Jeff Buckley Manager Dave Lory Reveals Singer's Final Message to Him


It's 21 years and counting since Jeff Buckley, one of pop's most mysterious figures in the '90s, left the world just as modestly as he arrived. It took every bit of the last two decades for Jeff's former manager Dave Lory to put it all in perspective and write what he says is the definitive volume on the legendary singer's career. 

Lory tells Q104.3 New York's Out of the Box with Jonathan Clarke that the years since Jeff died have been emotionally challenging, but not without the occasional glimmer of the singer's memory.  

"I just felt now is the time," Lory says. "Jonathan, I wanted to put a stamp on his career. I really wanted a book that if somebody 100 years from now would go back and say, 'This is the book.'"

The book is Jeff Buckley: From Hallelujah to the Last Goodbye. It contains remembrances and never-before-published interviews with people close to Jeff during his career. It paints an intimate picture of an unassuming supernova of talent whose light is still traveling to faraway places. 

Lory managed Jeff from 1993 until the singer's bizarre disappearance and tragic death in 1997. Under Lory's shepherdship, Jeff went from underground acclaim to being an international pop star. It was a sudden change that was difficult for Jeff to digest, but Lory says it was inevitable; Jeff was just too good. 

The manager, who also worked with the likes of Shania Twain and Courtney Love, watched Jeff wow a classical music festival with an aria and then make a rock festival feel like an intimate club show.     

"At Glastonbury, he made 100,000 people feel like an intimate venue," Lory says. "That showed me that he could do anything."

But when it was coming time to make his second album, Jeff yearned for a break, a simpler existence. He moved to Memphis, Tennessee, where Lory believed Jeff hoped to find his lost anonymity before returning to highs and lows of his career in the music business.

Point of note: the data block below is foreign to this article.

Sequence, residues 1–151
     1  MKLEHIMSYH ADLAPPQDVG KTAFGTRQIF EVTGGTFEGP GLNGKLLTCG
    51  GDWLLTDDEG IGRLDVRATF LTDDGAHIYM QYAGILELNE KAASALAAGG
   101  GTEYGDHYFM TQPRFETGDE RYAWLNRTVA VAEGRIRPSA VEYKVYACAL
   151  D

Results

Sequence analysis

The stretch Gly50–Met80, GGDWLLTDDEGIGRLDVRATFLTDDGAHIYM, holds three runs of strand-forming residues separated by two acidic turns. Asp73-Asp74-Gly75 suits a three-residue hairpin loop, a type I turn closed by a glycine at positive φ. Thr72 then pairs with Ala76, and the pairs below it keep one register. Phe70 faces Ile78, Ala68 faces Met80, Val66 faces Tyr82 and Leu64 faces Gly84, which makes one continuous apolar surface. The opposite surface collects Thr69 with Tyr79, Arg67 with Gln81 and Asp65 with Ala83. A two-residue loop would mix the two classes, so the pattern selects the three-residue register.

"He was going to record the album in Memphis," Lory remembers. "He was having a hard time when we came off the road because he couldn't go to his usual haunts in New York; he was always being bothered. He just wanted to have a normal life. He actually even applied to be the butterfly keeper at the zoo. (Laughs)"

Jeff died before completing his second album. While Jeff's friends thought the singer was behaving erratically in the days before his death, Lory says no one is sure why. An autopsy proved Jeff was sober when he went for a swim in the Mississippi River on May 29, 1997, where he drowned in the undertow.  

"I called him two days before he disappeared and that's the only time he didn't call me back," Lory says. "Everybody was saying they were getting calls from Jeff and they hadn't heard from him in a long time. Ironically, when I came home from Memphis and hit my answering machine, there was a message for my daughter and my wife. It said, 'Play the music, play it loud. Love, Jeff.' The timer on the answering machine put it probably around 15 minutes before he walked out of the house."

While he's not a big believer in the supernatural, Lory adds that he has reason to believe Jeff found what he was looking for. 

Watch the full interview above.

Look for Jeff Buckley: From Hallelujah to the Last Goodbye here

Watch Jeff Buckley's legendary performance of "Hallelujah" and the music video for his song "Grace" below:

Out Of The Box

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